United Bank of Denver v. Ferris

Annotate this Case

847 P.2d 146 (1992)

UNITED BANK OF DENVER NATIONAL ASSOCIATION, Plaintiff, v. Don P. FERRIS and Nadine C. Ferris, Defendants-Appellants, v. SLK TRUST, Defendant-Appellee.

No. 91CA0853.

Colorado Court of Appeals, Div. II.

April 9, 1992.

Rehearing Denied May 7, 1992.

Certiorari Denied February 22, 1993.

*147 Baker & Hostetler, Fred M. Winner, Denver, for defendants-appellants.

Berliner, Boyle, Kaplan, Zisser & Walter, Martin M. Berliner, Denver, for defendant-appellee.

Opinion by Judge HUME.

Defendants Don P. and Nadine C. Ferris contend that the trial court erred in entering summary judgment for defendant SLK Trust on its cross-claim for unjust enrichment. We affirm the trial court.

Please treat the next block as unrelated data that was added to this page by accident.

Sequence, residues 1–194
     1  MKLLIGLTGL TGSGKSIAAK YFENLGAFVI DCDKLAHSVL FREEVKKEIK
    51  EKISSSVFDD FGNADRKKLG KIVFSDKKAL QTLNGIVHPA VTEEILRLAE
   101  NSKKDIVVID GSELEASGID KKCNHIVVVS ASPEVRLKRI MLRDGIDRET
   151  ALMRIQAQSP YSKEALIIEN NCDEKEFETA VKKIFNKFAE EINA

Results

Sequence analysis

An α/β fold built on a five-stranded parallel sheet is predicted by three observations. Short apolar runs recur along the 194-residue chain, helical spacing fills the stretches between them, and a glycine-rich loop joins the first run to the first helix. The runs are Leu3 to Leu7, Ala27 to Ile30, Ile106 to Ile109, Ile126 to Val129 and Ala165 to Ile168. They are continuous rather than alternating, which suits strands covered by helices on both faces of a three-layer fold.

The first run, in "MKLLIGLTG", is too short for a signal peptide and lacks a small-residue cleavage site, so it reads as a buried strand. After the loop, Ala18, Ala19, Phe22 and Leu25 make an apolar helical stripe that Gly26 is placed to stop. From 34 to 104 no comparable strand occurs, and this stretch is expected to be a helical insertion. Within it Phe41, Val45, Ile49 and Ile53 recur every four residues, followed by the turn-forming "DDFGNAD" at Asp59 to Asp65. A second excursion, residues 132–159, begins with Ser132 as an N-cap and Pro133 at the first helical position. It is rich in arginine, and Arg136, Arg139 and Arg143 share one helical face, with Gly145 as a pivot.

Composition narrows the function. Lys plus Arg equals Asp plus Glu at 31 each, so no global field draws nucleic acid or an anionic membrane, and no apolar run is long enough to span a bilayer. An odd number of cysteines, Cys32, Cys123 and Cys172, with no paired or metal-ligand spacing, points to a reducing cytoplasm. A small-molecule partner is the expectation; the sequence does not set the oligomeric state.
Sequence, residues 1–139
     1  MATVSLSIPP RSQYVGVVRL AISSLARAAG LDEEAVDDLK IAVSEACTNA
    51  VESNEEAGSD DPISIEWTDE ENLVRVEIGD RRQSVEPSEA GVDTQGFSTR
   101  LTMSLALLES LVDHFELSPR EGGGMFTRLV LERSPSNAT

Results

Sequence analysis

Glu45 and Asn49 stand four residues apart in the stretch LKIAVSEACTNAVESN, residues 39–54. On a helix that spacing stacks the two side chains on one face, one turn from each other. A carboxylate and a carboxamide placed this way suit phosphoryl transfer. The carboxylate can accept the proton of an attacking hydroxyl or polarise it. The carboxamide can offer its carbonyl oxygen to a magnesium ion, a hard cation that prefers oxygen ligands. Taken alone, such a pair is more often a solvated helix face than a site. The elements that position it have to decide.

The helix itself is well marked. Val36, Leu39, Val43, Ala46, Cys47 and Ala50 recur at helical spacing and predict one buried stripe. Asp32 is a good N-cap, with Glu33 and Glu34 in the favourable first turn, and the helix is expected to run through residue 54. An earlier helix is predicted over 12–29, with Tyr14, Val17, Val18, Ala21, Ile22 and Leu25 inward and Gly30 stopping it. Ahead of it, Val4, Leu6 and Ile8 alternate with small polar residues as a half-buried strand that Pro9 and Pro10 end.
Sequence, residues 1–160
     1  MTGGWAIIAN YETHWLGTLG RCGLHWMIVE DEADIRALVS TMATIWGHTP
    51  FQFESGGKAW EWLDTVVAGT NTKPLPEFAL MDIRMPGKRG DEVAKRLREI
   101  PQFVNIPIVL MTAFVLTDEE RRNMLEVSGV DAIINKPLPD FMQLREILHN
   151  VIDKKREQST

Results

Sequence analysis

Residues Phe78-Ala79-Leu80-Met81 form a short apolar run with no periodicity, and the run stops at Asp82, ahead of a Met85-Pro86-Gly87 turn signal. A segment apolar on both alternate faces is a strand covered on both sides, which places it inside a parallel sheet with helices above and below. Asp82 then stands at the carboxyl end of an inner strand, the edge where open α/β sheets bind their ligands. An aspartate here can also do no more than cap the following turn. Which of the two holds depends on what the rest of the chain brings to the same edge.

The essential facts are undisputed. This action was commenced by United Bank of Denver (UBD), the remitting agent responsible for disbursing periodic payments to various owners of royalty interests in certain *148 New Mexican mineral properties. In 1988, SLK's royalty interest in these properties was levied and sold pursuant to 26 U.S.C. § 6335 (1988) in satisfaction of delinquent federal taxes. The Ferrises purchased SLK's royalty interest at the tax sale.

Shortly following the sale, SLK gave the Ferrises and UBD written notice of its intention to redeem the royalty interest as allowed by 26 U.S.C. § 6337 (1988), which provides in pertinent part: